During the Middle Ages
(5th century to 15th century) the sword was an offensive weapon used
for cracking armour, and the shield was used for defence. After
gunpowder came into general use, heavy defensive armour became
obsolete, and the sword became a defensive as well as an offensive
weapon. In the 16th century the rapier was introduced in Italy, and
the art of fencing was rapidly systematized in fencing schools. A
dagger in the other hand, and later a folded cloak, replaced the
shield. Eventually the non-sword arm was left free and held away
from the sword arm to minimize the target area. The use of the
rapier and the Italian fencing technique spread throughout Europe.
In France and England, the size and shape of the rapier were
constantly modified because its length and weight made it clumsy to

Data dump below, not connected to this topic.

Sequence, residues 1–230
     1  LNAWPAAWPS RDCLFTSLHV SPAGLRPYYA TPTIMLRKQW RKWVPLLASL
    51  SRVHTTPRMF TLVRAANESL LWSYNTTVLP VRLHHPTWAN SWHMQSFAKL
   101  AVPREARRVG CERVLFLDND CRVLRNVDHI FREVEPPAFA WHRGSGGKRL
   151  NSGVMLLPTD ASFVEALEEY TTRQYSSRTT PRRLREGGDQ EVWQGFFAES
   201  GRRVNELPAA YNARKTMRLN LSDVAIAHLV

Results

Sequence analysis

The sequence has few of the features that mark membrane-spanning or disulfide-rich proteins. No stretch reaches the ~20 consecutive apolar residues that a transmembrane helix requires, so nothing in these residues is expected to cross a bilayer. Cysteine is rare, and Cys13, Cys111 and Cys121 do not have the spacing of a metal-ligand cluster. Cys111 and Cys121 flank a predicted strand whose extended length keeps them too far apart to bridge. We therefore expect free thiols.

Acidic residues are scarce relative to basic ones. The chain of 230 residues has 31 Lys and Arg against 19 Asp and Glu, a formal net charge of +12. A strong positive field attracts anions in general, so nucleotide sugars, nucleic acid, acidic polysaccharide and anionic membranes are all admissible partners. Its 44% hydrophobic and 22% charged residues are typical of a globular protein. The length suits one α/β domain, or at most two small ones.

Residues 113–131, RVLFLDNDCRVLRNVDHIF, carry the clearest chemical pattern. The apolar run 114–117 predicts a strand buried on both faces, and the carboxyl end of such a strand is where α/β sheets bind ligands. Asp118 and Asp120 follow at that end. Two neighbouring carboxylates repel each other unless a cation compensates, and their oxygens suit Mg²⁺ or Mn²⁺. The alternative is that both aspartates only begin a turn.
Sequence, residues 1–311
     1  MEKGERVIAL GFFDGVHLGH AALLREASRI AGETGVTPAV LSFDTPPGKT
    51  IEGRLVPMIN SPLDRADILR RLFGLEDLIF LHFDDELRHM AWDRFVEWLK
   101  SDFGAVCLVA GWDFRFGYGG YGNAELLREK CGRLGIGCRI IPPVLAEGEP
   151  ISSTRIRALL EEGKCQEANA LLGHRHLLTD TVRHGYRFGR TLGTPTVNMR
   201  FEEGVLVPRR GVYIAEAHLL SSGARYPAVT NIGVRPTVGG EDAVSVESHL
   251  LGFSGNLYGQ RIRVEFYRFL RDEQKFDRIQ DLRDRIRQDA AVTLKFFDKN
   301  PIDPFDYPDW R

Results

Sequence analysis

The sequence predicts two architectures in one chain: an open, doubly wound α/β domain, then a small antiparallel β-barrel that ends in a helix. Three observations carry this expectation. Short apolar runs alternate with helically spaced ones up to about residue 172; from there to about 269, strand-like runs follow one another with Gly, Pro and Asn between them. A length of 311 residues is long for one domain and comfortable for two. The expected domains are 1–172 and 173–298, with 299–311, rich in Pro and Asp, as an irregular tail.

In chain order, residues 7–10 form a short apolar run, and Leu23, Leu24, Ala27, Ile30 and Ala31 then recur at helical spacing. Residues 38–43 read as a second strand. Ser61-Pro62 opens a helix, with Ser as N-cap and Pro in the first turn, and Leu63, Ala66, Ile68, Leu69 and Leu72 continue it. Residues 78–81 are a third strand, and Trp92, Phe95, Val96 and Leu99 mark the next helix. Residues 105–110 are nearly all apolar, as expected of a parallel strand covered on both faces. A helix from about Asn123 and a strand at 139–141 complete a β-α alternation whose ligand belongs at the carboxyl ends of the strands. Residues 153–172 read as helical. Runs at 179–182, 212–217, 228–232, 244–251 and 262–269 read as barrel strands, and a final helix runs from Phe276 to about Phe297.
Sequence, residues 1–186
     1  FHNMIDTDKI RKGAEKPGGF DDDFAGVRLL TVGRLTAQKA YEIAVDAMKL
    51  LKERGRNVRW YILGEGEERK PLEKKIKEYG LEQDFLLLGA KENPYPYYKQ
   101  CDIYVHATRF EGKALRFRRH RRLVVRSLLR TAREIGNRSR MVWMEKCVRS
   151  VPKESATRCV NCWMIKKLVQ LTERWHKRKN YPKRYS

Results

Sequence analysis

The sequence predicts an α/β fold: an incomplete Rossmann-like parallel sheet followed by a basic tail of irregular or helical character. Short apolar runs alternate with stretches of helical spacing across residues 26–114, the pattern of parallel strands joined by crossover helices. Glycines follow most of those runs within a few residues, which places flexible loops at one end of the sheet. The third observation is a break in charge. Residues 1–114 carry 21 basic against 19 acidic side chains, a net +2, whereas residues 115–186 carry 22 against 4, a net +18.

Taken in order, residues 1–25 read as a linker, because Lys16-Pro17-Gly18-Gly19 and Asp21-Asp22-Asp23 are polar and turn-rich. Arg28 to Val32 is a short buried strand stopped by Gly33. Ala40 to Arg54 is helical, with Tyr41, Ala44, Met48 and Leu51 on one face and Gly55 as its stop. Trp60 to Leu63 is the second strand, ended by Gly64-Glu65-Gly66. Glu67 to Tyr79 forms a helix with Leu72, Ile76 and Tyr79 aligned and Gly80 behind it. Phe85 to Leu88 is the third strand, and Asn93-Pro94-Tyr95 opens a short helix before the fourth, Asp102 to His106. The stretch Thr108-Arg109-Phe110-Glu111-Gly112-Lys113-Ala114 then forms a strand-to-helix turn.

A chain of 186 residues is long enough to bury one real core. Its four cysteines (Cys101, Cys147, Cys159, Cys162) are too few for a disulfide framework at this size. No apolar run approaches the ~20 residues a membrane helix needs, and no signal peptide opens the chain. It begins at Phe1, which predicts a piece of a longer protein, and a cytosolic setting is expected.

carry. During the 18th century the small sword, or epée, was
invented and popularized in France; the new weapon resulted in
distinct Italian and French styles of fencing. The Italians used
the rapier in a bravura manner, with pronounced, vigorous gestures.
The French used the epée in a more formal manner, with great
restraint of movement. The French style of fencing became by far
the more prominent. Its rules govern most modern competition, and
the vocabulary of traditional fencing is composed largely of French
During this time,
diGrasse published his famous treatise on "His True Art of Defence",
a rambling but very insightful dissertation on serious Duelling.
In the 19th century duelling was generally outlawed, and the fencing
schools turned to teaching fencing for purposes of sport.